5. 5. JANITORS AND THE BATTLE OF CENTURY CITY 31 A supporter of the Vietnam War, Kirkland played a keyrole in the AFL-CIO’s refusal to campaign for Democraticpresidential nominee George McGovern in 1972. Later, healigned with conservatives and neo-conservatives in formingthe Committee on the Present Danger, which campaigned forlarge military budgets. e AFL-CIO did support the Solidar-nosc movement in Poland, an act for which Kirkland deservedlywon credit. But in many other countries, American labor wasviewed with hostility for alignment with right-wing politiciansand governments that often suppressed worker movements.Under Kirkland, the AFL-CIO and its various units spentmore on international a airs than on organizing, civil rights,and worker health and safety.31 e election of Bill Clinton as U.S. President in 1992, af-ter 12 years of Republican control of the White House, heldout hope for a reversal of labor’s decline under Kirkland. Butduring the crucial moment when a bill was under considerationon Capitol Hill that would have banned permanent replace-ment of strikers, Kirkland was o in Europe—a symbol forhis critics of indi erence to the bread-and-butter concerns ofAmerican workers.T he labor movement during this period made a strategic miscalculation in delaying the legislative push for laborlaw reform and accepting President Clinton’s proposal in 1993 e story of the SEIU janitors’ victory at Century City became a feature lm starring Adrien Brody and Pilar Padilla in establish a study commission instead. Made up of man-agement, labor, and government o cials, the commission was due to employer tactics. While major elements of the com-chaired by John Dunlop, a Harvard law professor and noted mission report underscored labor’s case for reform of laborlabor expert. It took up the issues of workplace labor-manage- laws, business had no interest in making it easier for workers toment cooperation and labor law reform. join unions. e Dunlop report did nd that workers who exercised Instead of a broad consensus on reform, the Dunlop com-their rights under the National Labor Relations Act (NLRA) mission served to delay and di use the political e ort to updateoften ended up being illegally red by employers and that labor laws. Meanwhile, employers continued to violate theabout one-third of the workplaces where workers voted to join rights of workers who sought to join unions. e delay disap-a union ended up without a collective bargaining agreement pointed many, including SEIU leaders and members, who had
  6. 6. 32 STRONGER TOGETHER: THE STORY OF SEIUhoped the rst Democratic president in 12 years would have ney. It soon became likely that the New Voice slate of Swee-used his clout to push labor law reform forward. (By missing ney, Richard Trumka of the United Mine Workers, and Lindathis opportunity, the issue languished for more than 15 years Chavez- ompson of AFSCME would have the majority ofuntil legislation known as the Employee Free Choice Act began votes at the federation’s be debated as a serious option after the election of Barack Sweeney’s New Voice slate called for spending $20 mil-Obama as President in 2008.) lion to put thousands of new organizers in the eld to try to For workers who had hoped for progress through the ban regain lost ground. ey sought a “Sunbelt Organizing Fund”on permanent replacement of strikers and broader labor law re- to expand unionization of the growing Southern and Westernform, some disillusionment set in. en came President Clin- workforce. Taking a cue from SEIU’s own organizing successes,ton’s inability to move healthcare reform and his energetic push Sweeney proposed not only a separate organizing departmentto pass the disastrous North American Free Trade Agreement for the AFL-CIO, but also a “Center for Strategic Campaigns”(NAFTA), which was strongly opposed by labor. that would bring the federation a new capability to wage cor- In 1994, Democrats paid the price with huge losses porate accountability the polls that left both the House and Senate under Rep- e New Voice forces chose a young SEIU activist namedublican control. Anna Burger to manage their campaign. Picking up addition- A group of union presidents of major AFL-CIO a liates, al support from some smaller unions and from central laborincluding SEIU President John Sweeney, began to meet pri- councils, the Sweeney forces embraced the expanded organiz-vately to discuss the need to reinvigorate the labor movement, ing e ort and also a more e ective political action program instarting with replacing Kirkland. Presidents of the United Auto the wake of Republican gains in the 1994 elections.Workers, Teamsters, United Steelworkers, AFSCME, United With the New Voice for American Workers slate gainingMine Workers, and other unions approached Kirkland, then the backing of 21 unions representing 56 percent of the del-age 72, and urged him to retire and clear the way for AFL-CIO Secretary-Treasurer Tom Donahue to move up. Kirklandrefused and attempted to dig in. He blasted the dissidents asdisloyal to him and to the concept of labor solidarity. e union presidents formed a “Committee for Change”and decided to run a candidate against Kirkland at the federa-tion’s 1995 convention. Donahue, unwilling to oppose Kirk-land, resigned as AFL-CIO secretary-treasurer, and the nextday Kirkland announced he would once again be a candidatefor the AFL-CIO presidency. Under the “New Voice for American Workers” label, theKirkland opposition made clear it wanted “an organizing presi- AFL-CIO President Lane Kirkland (right) was pushed out in 1995 afterdent” to replace him. Rejecting AFSCME President Gerald devoting his energies to an anti-communist agenda abroad rather than build- ing union strength in the United States. Kirkland talked here with PresidentMcEntee as too polarizing, the group settled on SEIU’s Swee- George H.W. Bush.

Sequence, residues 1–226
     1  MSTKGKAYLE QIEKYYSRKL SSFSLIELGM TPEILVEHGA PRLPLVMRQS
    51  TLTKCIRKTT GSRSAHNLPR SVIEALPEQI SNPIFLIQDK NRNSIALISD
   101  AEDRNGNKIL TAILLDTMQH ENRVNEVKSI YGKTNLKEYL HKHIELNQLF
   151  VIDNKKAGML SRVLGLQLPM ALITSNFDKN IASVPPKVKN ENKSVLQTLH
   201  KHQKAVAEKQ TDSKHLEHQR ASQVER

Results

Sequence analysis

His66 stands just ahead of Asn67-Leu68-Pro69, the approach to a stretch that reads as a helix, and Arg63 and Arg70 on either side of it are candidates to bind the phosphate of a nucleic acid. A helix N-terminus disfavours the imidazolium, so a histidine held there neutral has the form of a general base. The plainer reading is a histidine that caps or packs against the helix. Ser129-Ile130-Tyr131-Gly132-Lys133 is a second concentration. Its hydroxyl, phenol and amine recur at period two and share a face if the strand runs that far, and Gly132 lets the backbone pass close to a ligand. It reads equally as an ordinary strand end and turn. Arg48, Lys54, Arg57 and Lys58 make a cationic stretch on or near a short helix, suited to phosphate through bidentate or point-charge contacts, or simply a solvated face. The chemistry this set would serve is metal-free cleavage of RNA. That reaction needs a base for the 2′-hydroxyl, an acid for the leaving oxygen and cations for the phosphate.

7. 7. JANITORS AND THE BATTLE OF CENTURY CITY 33egates to the AFL-CIO convention, Lane Kirkland announced picking up crucial support from state federations and centralhe would resign e ective August 1, 1995. With Kirkland out, labor councils.former Secretary-Treasurer Tom Donahue jumped into the At the convention, Sweeney won the support of 34 unionsrace, but his moment had passed. with delegates representing 57 percent of the AFL-CIO’s mem- A former Local 32BJ activist, Donahue embraced some of bership. It was a victory that held out great hope for a reinvigo-the New Voice program after being selected as Kirkland’s re- rated American labor movement that would put new resourcesplacement until the convention in October 1995. But Sweeney behind organizing and political action.and his New Voice allies continued to run a skillful campaign, And it left a vacancy in the presidency of SEIU.